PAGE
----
Stumbling upon any of the late Barbaresco genius Signor Giacosa’s bottlings for under 30 at a wine shop should get a whole bunch of neurons firing in the brain of any wine lover. This beauty of a Dolcetto lives up to all the hype that comes with the name on the label. Deep ruby color with bright reflections. Blue and black frutti del bosco meet woodsy aromas of underbrush, mulch and drying violets. Medium-bodied, very dry but lush with fresh berry fruit, velvety tannins and a mouthwatering acidity. The finish is long and slightly bitter, making this an ideal food wine. Pair with churrasco-style hangar steak, sausage and peppers, firm cheeses and cassoulet. W.M.
Medium-concentrated garnet color with long, slow-forming legs. This is as “modern” as it gets in stately Barbaresco. Intense aromatics, dominated by sweet oak, coffee and cedar, but also showcasing raspberry jam, morello cherry, anise and moss. Big, rich and mouth-coating, with grainy tannins and a long warming finish remeniscent of mint and bitter herbs. This is wine meant for slow-roasted meats and cream sauce pasta. This definitely puts the lie to the myth that Barolo is always the bolder of the two famous Piedmont Nebbiolo appellations. W.M
Burgundy’s prized vineyards stretch from the city of Auxerre in the north down to the city of Macon in the south. In Auxerre we find the wines of Chablis, made with the Chardonnaygrapes, moving south we traverse Irancy and its red wines and Saint Bris with Sauvignon Blancs.
While moving south we reach the place where the most sought-after and expensive Pinot Noir and Chardonnay based wines are made, the Cote D’Or, where in fact all of Burgundy Grand Cru vineyards except for Chablis Grand Cru are.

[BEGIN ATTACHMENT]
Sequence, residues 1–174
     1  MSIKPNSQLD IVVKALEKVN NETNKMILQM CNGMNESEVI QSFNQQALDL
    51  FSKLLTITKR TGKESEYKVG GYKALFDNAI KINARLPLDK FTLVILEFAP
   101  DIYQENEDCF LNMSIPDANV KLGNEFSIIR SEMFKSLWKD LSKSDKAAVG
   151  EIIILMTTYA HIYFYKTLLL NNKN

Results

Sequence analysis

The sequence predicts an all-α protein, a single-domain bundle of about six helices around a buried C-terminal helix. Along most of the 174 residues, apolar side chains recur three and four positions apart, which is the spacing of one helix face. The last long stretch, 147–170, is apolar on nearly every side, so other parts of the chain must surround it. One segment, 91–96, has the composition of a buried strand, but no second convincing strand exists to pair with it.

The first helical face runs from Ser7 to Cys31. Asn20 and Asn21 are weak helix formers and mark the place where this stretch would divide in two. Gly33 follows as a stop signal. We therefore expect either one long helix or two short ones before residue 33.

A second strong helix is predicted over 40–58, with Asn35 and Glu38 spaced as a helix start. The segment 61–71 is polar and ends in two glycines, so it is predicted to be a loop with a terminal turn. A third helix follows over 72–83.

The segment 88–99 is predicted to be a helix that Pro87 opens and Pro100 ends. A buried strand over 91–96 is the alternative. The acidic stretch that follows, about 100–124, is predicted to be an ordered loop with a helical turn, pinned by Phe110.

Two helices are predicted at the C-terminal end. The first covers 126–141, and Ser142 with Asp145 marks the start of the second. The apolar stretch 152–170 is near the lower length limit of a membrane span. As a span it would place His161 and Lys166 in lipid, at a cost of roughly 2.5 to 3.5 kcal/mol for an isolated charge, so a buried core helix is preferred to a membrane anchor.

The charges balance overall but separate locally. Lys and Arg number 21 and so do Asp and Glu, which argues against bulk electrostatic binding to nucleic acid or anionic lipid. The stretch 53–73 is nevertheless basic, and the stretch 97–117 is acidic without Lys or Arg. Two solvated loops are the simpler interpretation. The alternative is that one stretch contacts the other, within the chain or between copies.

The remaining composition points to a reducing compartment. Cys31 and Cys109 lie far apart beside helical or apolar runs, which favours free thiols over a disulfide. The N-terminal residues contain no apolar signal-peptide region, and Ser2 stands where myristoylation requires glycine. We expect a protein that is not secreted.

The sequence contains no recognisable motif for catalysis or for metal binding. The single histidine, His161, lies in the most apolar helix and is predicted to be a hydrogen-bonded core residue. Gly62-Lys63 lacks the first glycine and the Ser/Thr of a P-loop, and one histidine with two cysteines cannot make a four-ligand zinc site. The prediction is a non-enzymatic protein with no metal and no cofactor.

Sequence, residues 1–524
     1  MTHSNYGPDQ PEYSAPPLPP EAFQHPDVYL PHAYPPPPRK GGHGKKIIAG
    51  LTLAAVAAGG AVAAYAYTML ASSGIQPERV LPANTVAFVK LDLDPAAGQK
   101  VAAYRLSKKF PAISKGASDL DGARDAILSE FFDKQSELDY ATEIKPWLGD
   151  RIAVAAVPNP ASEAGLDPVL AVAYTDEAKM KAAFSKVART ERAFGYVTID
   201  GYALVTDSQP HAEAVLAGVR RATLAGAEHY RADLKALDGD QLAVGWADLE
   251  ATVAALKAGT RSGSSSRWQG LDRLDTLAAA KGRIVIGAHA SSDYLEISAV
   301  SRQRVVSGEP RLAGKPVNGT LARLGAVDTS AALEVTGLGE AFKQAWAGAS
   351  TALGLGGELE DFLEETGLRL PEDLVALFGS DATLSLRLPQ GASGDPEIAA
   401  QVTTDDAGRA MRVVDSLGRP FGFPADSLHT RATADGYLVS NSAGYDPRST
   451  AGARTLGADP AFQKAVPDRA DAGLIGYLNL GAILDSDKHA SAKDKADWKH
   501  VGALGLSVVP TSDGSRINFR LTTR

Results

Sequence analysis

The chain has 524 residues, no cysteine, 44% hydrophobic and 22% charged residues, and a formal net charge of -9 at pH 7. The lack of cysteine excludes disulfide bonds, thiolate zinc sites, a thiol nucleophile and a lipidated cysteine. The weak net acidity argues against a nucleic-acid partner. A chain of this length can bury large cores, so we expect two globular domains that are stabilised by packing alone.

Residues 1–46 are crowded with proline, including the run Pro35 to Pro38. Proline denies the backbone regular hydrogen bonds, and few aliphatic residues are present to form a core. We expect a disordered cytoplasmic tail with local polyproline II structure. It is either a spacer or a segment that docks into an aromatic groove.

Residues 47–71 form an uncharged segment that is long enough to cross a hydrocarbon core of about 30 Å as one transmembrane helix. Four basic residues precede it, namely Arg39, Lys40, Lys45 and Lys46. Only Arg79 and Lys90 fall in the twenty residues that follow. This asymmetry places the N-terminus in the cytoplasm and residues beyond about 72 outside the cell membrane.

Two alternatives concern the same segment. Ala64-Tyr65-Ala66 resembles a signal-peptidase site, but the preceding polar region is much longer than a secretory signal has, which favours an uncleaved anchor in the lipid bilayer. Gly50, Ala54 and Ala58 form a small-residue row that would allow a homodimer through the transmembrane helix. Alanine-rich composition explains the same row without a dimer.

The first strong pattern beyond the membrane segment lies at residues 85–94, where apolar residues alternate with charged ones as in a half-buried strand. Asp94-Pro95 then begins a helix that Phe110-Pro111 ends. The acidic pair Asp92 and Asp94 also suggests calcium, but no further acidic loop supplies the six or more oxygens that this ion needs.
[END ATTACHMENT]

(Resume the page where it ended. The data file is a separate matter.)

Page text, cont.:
The Cote D’Or is divided in two main sub-regions, Cote de Nuits and Cote de Beaune, that stretch south for about 70 kilometers from Dijon to Dezize-le-Maranges. This is where we find “Village” wine in the lower part of the slopes and “Premier Cru” to “Grand Cru” as we move higher. The Cote de Nuits contains 24 of the 25 red (Pinot Noir) Grand Crus, while the Cote de Beaune has all of the white (Chardonnay) Grand Crus.
Cooked red fruit, rose petal and rosemary all stand out on the subtly complex nose. Viscous and rounded on the palate with a nice undercurrent of minerality. Some savory bitterness on the finish. The weight and ripeness of fruit here call for a rich mushroom risotto. W.M
German wines fall into a classification depending on their quality, from Tafelwein, Landwein, Qualitatswein Bestimmter Anbaugebeite (QbA) to Pradikatswein. QbA and Pradikatswein are then subdivided in Anbaugebiet (wine region), Bereich ( a small area inside the wine region “Anbaugebiet“), Grosslage ( vineyards inside the small area “Bereich“), and finally the Einzellage ( single vineyard, situated inside the “Grosslage”).
Of the 13 major wine regions (Anbaugebiete) the most important that produce most quality wines are: Mosel, Rheingau, Rheinhessen, Pfalz, Nahe, Ahr. These 13 wine regions (Anbaugebiete) are divided into 39 districts (Bereiche) which are also divided into vineyard sites (Großlagen).
Grosses Gewachs wine of the Spätburgunder (Pinot Noir) grape from volcanic soils in Germany’s Baden region. Serious intensity on the nose, remeniscent of red cherries and smoked meat. Rounded, smooth palate is dominated by a mineral undercurrent. This is a real wine of “terroir;” super earthy, persistent and very versatile at the table. W.M